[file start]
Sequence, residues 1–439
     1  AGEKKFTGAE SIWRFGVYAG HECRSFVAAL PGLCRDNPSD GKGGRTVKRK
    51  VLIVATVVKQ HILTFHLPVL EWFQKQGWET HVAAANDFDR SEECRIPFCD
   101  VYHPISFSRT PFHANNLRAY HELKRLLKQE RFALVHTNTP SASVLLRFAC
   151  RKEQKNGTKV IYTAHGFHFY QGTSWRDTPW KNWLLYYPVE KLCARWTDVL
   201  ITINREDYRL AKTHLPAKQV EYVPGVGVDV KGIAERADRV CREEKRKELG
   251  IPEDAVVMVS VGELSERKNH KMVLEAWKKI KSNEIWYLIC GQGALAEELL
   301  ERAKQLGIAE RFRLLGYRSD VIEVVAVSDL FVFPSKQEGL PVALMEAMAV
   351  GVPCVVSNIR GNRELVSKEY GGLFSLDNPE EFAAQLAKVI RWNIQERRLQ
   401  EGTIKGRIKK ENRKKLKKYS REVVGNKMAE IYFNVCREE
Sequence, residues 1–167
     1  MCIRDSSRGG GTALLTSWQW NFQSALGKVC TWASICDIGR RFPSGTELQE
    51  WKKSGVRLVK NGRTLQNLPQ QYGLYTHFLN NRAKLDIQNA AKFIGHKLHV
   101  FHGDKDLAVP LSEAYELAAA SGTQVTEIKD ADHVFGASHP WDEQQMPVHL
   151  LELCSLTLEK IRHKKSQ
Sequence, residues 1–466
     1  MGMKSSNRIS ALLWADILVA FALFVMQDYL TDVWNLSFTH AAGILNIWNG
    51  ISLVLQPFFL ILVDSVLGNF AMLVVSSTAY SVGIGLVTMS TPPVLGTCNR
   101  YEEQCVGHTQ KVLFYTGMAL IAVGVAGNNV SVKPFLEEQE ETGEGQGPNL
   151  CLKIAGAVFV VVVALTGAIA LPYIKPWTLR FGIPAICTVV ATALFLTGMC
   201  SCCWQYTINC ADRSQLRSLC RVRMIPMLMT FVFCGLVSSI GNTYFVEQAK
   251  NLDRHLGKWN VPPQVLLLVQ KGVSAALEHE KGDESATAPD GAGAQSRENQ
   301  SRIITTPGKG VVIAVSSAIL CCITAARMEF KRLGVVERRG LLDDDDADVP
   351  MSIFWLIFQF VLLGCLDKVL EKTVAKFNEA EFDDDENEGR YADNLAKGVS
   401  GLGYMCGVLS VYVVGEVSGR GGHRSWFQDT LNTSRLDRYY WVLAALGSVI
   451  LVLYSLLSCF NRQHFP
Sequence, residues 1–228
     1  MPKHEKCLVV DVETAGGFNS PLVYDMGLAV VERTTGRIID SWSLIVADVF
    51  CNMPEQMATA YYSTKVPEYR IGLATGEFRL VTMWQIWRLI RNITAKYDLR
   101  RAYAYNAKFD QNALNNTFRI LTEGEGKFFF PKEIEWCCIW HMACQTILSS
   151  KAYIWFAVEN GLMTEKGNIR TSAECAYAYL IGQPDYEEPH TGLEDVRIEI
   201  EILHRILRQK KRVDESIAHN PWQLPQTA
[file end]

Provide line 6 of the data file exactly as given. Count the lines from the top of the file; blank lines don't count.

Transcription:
   201  ITINREDYRL AKTHLPAKQV EYVPGVGVDV KGIAERADRV CREEKRKELG